Belarusian President: I wanted to supply Yugoslavia’s Milošević with S-300, warplanes
Aliaksandr Lukashenka said on Monday that he had offered Slobodan Milošević to supply Yugoslavia with S-300 surface-to-air missile systems and even warplanes in the 1990s.
However, the Yugoslav president rejected the offer because he could not believe that NATO was capable of ‘such aggression,’ Mr Lukashenka said in an interview with Serbia`s daily newspaper Politika and the Serbian Broadcasting Corporation.
‘Yes, honestly speaking, we considered such a plan of support with Mr Milosevic, and not only with S-300 but also with planes,’ he said. ‘We also developed routes, we found heroic pilots in Belarus who would try to fly into Serbia undetected. This would have been a very risky task, considering that these are military planes, fighters, not civilian aircraft.’
According to Mr Lukashenka, he had a personal meeting with pilots and described all the risks of the operation, but they expressed readiness to go to Serbia, insisting that they knew how to cross Ukraine without drawing anyone’s attention.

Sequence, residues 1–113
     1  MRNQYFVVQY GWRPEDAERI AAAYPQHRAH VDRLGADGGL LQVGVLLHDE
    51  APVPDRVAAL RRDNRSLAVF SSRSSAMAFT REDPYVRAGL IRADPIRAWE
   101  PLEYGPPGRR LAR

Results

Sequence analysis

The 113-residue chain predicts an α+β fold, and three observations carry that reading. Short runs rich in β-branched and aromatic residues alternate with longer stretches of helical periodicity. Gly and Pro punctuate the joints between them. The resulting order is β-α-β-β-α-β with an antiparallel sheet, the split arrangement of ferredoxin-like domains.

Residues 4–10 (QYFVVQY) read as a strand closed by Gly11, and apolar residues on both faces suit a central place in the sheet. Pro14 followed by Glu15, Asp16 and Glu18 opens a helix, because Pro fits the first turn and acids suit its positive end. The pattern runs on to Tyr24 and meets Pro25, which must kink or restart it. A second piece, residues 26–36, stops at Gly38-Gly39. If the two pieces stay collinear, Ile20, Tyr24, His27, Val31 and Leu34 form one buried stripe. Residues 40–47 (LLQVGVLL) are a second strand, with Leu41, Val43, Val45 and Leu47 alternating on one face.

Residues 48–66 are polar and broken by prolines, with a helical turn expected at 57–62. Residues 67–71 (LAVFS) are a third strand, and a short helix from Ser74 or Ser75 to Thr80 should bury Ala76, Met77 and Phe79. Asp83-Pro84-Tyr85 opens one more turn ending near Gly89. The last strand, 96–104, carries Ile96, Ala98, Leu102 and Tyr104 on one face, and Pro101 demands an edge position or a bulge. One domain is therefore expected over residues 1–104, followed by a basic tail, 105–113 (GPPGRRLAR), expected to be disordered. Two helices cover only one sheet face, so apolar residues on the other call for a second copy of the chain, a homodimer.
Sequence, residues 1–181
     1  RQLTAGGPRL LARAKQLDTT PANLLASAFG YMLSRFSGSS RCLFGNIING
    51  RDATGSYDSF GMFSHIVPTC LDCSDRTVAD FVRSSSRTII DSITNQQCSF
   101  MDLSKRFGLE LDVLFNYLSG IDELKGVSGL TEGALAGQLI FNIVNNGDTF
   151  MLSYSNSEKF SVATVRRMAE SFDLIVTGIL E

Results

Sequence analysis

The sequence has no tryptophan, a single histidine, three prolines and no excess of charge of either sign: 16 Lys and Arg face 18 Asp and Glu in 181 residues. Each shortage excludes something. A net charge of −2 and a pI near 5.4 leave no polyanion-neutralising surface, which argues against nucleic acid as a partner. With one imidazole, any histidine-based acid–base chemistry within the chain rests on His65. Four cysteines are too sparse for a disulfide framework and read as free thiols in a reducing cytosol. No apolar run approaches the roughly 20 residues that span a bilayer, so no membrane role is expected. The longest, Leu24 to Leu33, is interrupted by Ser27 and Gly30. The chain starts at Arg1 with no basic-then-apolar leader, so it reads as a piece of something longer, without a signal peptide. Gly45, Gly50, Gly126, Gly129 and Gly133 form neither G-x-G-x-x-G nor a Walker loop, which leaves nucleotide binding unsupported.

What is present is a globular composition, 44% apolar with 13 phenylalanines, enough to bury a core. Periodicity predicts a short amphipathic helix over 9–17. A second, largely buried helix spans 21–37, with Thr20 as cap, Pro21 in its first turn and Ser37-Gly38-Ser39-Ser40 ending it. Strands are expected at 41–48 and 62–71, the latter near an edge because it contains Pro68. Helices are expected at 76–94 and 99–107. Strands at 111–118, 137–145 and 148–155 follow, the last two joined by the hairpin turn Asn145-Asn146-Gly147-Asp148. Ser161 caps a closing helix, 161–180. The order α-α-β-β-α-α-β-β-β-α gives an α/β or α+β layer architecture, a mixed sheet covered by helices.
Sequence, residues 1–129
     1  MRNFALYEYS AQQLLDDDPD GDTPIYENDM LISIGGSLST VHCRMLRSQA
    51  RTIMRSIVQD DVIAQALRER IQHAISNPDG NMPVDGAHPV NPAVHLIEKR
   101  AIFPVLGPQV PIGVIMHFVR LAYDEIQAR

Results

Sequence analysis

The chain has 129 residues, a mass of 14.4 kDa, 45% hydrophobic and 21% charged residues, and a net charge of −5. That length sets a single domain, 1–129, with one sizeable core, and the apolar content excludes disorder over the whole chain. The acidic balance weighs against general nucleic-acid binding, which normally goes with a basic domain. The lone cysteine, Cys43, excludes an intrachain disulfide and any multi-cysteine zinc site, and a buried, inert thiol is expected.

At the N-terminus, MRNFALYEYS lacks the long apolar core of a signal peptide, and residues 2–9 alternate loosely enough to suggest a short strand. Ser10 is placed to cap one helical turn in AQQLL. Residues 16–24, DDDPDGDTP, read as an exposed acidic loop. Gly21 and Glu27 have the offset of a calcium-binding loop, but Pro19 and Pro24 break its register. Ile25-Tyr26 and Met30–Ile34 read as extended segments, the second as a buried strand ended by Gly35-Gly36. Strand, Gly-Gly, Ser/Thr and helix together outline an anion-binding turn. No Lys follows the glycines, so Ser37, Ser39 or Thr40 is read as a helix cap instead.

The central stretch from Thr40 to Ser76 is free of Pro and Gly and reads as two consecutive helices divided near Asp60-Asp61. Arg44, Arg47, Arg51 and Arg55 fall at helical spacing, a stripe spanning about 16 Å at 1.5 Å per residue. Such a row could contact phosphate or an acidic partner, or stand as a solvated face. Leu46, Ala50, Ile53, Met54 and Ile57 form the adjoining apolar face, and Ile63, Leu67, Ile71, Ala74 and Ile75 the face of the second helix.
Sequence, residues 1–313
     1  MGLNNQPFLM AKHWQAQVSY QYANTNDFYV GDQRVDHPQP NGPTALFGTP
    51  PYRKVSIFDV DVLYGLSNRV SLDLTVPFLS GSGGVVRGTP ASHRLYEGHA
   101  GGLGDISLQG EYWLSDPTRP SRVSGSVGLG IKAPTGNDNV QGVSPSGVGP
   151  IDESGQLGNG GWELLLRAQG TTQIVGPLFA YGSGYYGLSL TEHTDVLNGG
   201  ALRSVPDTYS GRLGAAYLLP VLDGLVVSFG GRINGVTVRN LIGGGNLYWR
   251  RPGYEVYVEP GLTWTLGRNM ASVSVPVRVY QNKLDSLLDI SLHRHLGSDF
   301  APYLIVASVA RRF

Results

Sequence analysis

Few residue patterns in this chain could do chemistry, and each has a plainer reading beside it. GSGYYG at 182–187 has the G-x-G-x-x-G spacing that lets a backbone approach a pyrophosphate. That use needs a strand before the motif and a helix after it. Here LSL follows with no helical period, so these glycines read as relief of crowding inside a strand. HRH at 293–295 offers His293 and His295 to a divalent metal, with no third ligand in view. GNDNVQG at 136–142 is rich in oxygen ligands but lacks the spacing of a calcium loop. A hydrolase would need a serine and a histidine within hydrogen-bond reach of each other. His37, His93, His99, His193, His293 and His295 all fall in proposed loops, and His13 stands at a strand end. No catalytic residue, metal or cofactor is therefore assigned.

Mr Milošević refused to accept help from Belarus, but when NATO’s 1999 operation began and a blockade was imposed, it was too late to send missile systems to Yugoslavia, Mr Lukashenka said. ‘Milošević told me, ‘If only we had one of your S-300s, everything would be over,’” he stressed. ‘I replied that they should have thought [about this] earlier, especially considering that we had made an offer.’
Slobodan Milošević was a Serbian and politician who was the President of Serbia from 1989 to 1997 and President of the Federal Republic of Yugoslavia from 1997 to 2000.His presidency was marked by the breakup of Yugoslavia and the subsequent Yugoslav Wars. In the midst of the NATO bombing of Yugoslavia in 1999, Milošević was charged with war crimes including genocide, andcrimes against humanity in connection to the wars in Bosnia, Croatia andKosovo by the International Criminal Tribunal for the former Yugoslavia (ICTY).